Software developers try on Apple watch, see more apps coming

By Bill Rigby

By Bill Rigby

SAN FRANCISCO (Reuters) - Software developers who tried on an Apple Watch for the first time on Friday predicted a rush of new apps over the next few months, particularly in areas including health and messaging.

Developers, who had been limited to using software simulators of the watch, discovered new possibilities.

Ross Cohen, chief operating officer of, which makes a caller ID app for the watch, said he only realized on Friday that the watch goes on and off automatically as you raise or lower your wrist.

The simulator did not have a microphone, leaving some developers to guess how well it could hear. Having the watch on hand will speed development, said Danielle Keita-Taguchi, marketing analyst at Y Media Labs, which has designed apps for companies like American Express, EMC and eBay.

"A lot of Fortune 500 companies really want to leverage this new technology quickly," she said. "Health, transportation and social media will be the three main industries that will utilize the Apple Watch."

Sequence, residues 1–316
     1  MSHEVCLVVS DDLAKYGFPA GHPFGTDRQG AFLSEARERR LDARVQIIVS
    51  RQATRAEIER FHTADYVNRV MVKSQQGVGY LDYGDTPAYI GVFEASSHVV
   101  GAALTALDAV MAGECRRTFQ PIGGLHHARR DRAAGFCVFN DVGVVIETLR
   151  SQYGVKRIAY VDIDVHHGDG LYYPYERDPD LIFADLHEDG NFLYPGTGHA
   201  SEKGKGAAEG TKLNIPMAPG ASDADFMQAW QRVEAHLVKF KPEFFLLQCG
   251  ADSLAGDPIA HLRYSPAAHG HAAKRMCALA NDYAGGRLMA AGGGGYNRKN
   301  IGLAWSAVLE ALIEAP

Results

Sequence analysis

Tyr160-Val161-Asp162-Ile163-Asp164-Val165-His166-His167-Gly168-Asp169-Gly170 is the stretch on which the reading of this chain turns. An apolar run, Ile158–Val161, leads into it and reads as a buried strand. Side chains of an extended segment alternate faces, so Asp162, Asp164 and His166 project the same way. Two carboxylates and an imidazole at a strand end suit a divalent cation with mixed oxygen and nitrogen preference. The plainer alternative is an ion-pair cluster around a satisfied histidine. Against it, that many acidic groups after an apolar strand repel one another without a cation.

Tracking firm App Annie counted 3,061 total apps supporting Apple Watch on Friday. Some 10 percent were games. Productivity apps were 8 percent and lifestyle and health/fitness each accounted for 7 percent.

Ride-hailing service Uber had an app, as did sports network ESPN, microblogging platform Twitter, photo sharing service Instagram, tune-identifier Shazam and the Outlook email app from Microsoft Corp.

Notable absences included social network Facebook, message service Snapchat and any apps from Google Inc. A Google spokesperson said "only time will tell" if it would make any apps for Apple's device. Snapchat could not be reached for comment. Earlier this week Facebook CEO Mark Zuckerberg told analysts who asked about the watch, "We're going to watch closely and build what our community wants us to."

So far developers see the watch's main benefits as saving time or the labor of frequently taking out a phone.

"I've got my phone with me already, why do I also need the watch?" asked Matt McIlwain, managing director of Madrona Venture Group, which backs a host of software companies. "What is the extension benefit to having it on my wrist versus in my pocket?"

McIlwain's firm has invested in Redfin, the online real estate service, which has one answer. Its Apple Watch app that let users find nearby homes for sale and dictate notes on homes visited.

(Reporting by Bill Rigby, editing by Peter Henderson and David Gregorio)